Dale Brown says Chris Jackson is “a very unique man.”
“Somewhere along his life,” Brown said this week, “the good Lord reached down and touched him on the shoulder. He gave him special skills and He gave him a special attitude.”
He also gave Chris Jackson to Dale Brown and Louisiana State University. And ever since, it has been Jackson who has been doing most of the giving.
With this 6-foot-1, 170-pound freshman point guard from Gulfport, Miss., averaging 28.1 points, 4.2 assists, 3.4 rebounds and 2.1 steals per game, Brown and his Tigers entered their game Saturday against second-ranked Georgetown as the No. 1 team in the Southeastern Conference.
They have a 13-5 record overall and a 6-2 conference mark. They are 7-1 in road games. They have lost only to Tennessee and Mississippi State in their 11 games since a 127-100 thrashing at the hands of top-ranked Illinois on Dec. 22. They have won their last four games by a total of eight points.
Not bad for a team picked to finish in the lower half of the SEC, a team that has no player taller than 6-7 averaging 10 or more minutes per game, a team that has three potential stars sitting out the season because of Proposition 48.
“Nobody picked us exactly to finish near the top of Mount Everest,” assistant coach Craig Carse said.
But with Jackson, the Tigers are striving for the mountaintop.
“He’s the first natural that I’ve had the opportunity to play with,” fifth-year senior forward Ricky Blanton said. “John Williams (now with the Washington Bullets) was the closest thing, but he was a big guy. I’ve never played with a guard who just does it.”
Need a last-second shot? Jackson has broken the hearts of Maryland and Vanderbilt with last-second shots.
Need a go-to guy down the stretch? Jackson scored LSU’s final 16 points in its 64-62 victory at Kentucky and 15 of its final 17 in a 79-77 victory over the Terrapins at College Park.
Need a pure scorer? In his third collegiate game, Jackson scored 48 points against Louisiana Tech. Two games later, in his SEC debut, he set an NCAA Division I freshman record with 53 points at Florida.
“It doesn’t matter if he shows up and stretches,” Blanton said. “It doesn’t matter if he’s in street clothes. He just plays.”
Really, that’s all Chris Jackson ever has known about basketball. Just playing.
“I can’t take credit for it,” said Bert Jenkins, Jackson’s coach at Gulfport High School, which lost only 12 games and won two state championships during Jackson’s three varsity seasons. “I wish I could, but I can’t. He’s a self-made player.”
Jackson: “There were people I played against, but learning things, I think I learned from myself. I mean I practiced hours and hours, trying new things. I would look on the TV and see things that they do and I’d try to pick up moves and learn them myself.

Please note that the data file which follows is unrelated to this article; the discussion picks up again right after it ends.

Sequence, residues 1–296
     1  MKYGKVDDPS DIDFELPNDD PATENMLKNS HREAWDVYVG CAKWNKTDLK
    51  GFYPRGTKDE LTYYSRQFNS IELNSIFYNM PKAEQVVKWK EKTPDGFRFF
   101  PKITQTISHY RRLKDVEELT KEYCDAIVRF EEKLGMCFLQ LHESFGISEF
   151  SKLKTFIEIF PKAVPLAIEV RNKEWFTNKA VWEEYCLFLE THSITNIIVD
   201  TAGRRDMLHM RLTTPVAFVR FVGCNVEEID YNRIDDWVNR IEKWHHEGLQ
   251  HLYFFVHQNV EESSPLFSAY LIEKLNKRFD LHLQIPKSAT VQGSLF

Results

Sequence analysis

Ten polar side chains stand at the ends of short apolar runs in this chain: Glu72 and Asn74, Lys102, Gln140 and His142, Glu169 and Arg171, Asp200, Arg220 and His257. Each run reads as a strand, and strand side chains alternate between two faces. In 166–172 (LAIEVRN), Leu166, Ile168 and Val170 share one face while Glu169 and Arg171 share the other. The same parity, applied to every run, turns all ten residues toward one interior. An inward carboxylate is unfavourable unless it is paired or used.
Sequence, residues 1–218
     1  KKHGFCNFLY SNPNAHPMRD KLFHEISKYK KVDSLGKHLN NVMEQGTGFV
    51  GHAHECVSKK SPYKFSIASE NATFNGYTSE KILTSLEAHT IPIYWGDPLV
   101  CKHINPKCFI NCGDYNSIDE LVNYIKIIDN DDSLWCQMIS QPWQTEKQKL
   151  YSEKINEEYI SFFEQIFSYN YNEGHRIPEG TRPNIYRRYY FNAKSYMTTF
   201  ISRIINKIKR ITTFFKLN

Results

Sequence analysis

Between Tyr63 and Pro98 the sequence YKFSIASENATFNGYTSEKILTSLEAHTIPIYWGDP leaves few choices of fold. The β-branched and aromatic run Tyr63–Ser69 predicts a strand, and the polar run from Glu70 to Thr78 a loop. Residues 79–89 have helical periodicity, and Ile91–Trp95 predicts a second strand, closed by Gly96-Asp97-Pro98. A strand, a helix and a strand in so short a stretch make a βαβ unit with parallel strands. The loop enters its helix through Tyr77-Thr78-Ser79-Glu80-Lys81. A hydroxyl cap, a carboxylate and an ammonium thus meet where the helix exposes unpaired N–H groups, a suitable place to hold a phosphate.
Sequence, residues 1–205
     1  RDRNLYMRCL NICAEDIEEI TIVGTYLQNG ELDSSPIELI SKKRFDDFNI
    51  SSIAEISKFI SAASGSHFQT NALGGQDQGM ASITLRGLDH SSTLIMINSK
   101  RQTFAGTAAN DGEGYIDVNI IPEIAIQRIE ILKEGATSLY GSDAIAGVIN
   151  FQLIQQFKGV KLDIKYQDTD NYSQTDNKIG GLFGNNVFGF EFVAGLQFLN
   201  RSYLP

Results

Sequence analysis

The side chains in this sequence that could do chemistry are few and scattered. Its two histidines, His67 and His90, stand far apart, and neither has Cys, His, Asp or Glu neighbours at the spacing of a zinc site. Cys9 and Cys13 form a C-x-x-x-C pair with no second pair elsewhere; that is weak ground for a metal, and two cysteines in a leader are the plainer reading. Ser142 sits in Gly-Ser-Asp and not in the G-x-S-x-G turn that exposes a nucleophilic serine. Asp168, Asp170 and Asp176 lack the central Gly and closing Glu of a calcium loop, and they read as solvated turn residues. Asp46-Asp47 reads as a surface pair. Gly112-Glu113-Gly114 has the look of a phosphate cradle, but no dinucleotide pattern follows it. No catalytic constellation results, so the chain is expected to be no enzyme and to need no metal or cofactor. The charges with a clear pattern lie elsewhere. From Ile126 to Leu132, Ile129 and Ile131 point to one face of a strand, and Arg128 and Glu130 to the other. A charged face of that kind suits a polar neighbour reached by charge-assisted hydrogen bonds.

“In the summer, I woke up at like 5 or 6 in the morning and started playing. I did that all the time. I used to practice all hours. I’d go out and practice, come home and eat, and then go right back out. I’d stay until nighttime if that’s what it took. I’d stay until I’d get tired. That’s when I would stop.
“During school, I’d practice with the team. That was about two hours. But after I did what I had to do at home, if I felt like going out that night, I’d go to the gym and shoot. I just couldn’t get enough of it really.”
And before he finished, he went through what he calls “my routine.” A five- to seven-minute exercise that involved dribbling and shooting at full-speed. One mistake, and it was back to the beginning.
“If I missed, or if the ball didn’t go in right, I’d have to start over,” he said. “People used to think I was crazy.”
His work paid off in equally unusual ways.
“At the beginning of practice, I’d make them shoot 20 free throws,” Jenkins said. “If they made them all, I’d let them shoot until they missed. One time during his junior year, Chris made 283 in a row. Delayed practice for 45 minutes. About two weeks later, he made 267. Another time, he made 240-something. After that, I had to start limiting him to 100 because he was using up all our gym time.”
The recruiting of Chris Jackson, which began when he was a ninth-grader, is legendary. Stories abound of his mother’s refusal to sign his national letter of intent to attend LSU and the chaos that ensued. He was pressured to attend a predominantly black school, to play for a black coach and-or to attend a school in his home state.
“There was never any doubt that he was going to come to LSU,” Brown said. But Carse, who did most of the recruiting for LSU, admitted there were times when he was concerned about the people attempting to sway Jackson and about Jackson’s ability to meet Proposition 48’s requirements. According to Jenkins, Jackson took the American College Test “several” times before attaining the needed score.
“It was rough,” Jackson said. “At the beginning of my senior year, I knew where I wanted to go, but at that time so many people wanted me to stay in state or go here or there, I didn’t want to hurt anybody’s feelings. I kept ‘em guessing, which was the wrong thing to do.”
Louisiana State ended up being the only school Jackson visited.
“Me and Coach Carse had a good relationship,” Jackson said. “I felt I could trust him. And I liked the people and the place and it wasn’t too far from home. It was just the place I wanted to be.”
And just the place Brown wanted him to be.
“He’s a better human being than he is a basketball player,” Brown said. “He’s just a very unusual person and a very unusual talent too. He’s almost too good to be true.”